Matteo

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Redskullvw
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The thread started out with a general comment that Americans seem to have lost the ability to take responsibility for their actions. Then the President was noted as being someone who does not take responsibility for his actions. Then after an example where the President had taken responsibility, an additional restrictions was placed to disqualify this responsibility by stating that he may have taken responsibility but he really didn't because he hadn't apologized. Followed by the additional restrictor that no apology is valid unless it is one in which no outside agency or causality is allowed to make such a statement a valid declaration of responsibility and apology.

That is how we got here.

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Redskullvw
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Oh and now the apology has to be "Honest" to be valid. Whatever that means.
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kenmeer livermaile
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"But going back then, knowing what we knew, was it really a mistake then?"

If one bothered to pay attention at the time to the preponderance of evidence, YES. Neither Bush nor the majority American populace did. Ritter was ridiculed and maligned; Hans was hans-cuffed although his -- and Ritter's -- voices were, arguably, the most expert voices of all. Disarming Saddam and assessing the statwe of his (former) WMD program was their job, hands-on, boots-on-ground, put on your hazmat zoot suit and examine the friggin' evidence.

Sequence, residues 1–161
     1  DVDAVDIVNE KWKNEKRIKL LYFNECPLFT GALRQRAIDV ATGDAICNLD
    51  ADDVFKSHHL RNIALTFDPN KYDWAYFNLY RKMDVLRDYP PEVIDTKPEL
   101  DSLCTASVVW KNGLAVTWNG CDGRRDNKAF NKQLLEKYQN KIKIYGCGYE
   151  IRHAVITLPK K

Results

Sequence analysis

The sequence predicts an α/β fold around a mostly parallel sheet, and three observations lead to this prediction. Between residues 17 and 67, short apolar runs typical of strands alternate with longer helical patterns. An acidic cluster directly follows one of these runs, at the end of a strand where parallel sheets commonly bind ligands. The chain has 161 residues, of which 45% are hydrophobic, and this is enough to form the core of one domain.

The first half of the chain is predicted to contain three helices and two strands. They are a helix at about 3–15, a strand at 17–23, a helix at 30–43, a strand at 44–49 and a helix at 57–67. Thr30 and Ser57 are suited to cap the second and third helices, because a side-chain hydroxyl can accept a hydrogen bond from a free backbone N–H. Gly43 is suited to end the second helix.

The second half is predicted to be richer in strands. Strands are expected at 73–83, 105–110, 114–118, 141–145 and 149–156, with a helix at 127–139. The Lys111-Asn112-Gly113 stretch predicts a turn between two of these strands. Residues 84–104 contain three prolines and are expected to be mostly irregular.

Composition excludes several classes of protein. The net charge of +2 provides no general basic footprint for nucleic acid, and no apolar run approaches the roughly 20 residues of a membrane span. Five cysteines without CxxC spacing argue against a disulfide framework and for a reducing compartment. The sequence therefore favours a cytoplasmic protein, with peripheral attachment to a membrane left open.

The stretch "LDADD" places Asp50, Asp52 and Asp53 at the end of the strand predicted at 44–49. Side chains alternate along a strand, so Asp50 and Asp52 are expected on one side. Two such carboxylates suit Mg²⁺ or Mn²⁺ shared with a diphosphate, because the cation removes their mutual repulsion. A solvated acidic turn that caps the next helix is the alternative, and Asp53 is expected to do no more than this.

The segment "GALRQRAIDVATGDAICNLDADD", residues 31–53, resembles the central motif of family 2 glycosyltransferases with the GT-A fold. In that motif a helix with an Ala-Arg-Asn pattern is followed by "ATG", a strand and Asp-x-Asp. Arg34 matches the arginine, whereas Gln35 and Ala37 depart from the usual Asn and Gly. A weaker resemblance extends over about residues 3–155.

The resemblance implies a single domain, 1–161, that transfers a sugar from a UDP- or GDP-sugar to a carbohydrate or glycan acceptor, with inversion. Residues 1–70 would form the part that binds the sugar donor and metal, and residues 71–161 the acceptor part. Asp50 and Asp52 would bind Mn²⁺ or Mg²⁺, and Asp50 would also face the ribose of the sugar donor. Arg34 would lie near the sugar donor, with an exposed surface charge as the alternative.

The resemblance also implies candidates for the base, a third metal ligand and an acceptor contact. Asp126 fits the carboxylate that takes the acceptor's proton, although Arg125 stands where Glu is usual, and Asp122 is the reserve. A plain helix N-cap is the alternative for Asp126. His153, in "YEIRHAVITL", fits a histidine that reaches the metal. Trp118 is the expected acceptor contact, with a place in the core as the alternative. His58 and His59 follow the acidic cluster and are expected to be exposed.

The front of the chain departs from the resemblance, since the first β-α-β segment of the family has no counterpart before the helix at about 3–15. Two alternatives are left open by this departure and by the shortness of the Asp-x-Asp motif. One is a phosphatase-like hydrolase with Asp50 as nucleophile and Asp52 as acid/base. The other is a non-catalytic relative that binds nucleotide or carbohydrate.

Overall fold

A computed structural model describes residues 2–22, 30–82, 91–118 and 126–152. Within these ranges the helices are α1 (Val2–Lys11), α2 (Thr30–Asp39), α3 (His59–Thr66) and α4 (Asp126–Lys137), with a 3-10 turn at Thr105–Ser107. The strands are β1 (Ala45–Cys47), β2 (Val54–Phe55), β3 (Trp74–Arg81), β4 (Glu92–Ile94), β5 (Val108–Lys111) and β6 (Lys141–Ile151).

My perception is that the subsequent intelligence community hari-kari (hari-kari? in the end, they were the ones who said, "We werew WRONG') was itself a neat bit of revisionism, as if it wasn't discovered until after WMDs weren't found that their intelligence was shaky.

PIvotal spin statement: 'our best intelligence'. Bull. THeir 'best intelligence' contradicted the LOUSY intelligence that Bush chose to accept.

As for the 'taking responsibility' continuum that redskull delineates, the distinction to be made here is: taking responsibiity for WHAT? The actions of others? ('They screwed up. I'm responsible to fix this.') Or onself? ('I screwed up. I'm responsible to fix this.')

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Matteo522
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So you're the principal of that school above, Ken. There are four possible scenarios, which do you choose?

1. You evacuate the school, the bomb was a hoax.
2. You evacuate the school, the school blows up.
3. You do not evacuate the school, the bomb was a hoax.
4. You do not evacuate the school, the school blows up.

The BEST intelligence states that there is absolutely no threat. A few loonies are saying there is a real threat. You don't know if the school will really blow up or not, but you MUST make a decision one way or the other (and obviously choosing nothing, hesitating, or delaying is the same as deciding not to evacuate).

Which do you choose?

Let's say, out of pure safety and to make sure the bombers don't get what they want if they are in fact real, you evacuate the school. Let's say the evacuation gets messy, some kids get hurt from trampling, the trophy case gets smashed up and someone steals an important medal, and it costs the school thousands of dollars in lost pay and damages. Then the bomb never goes off.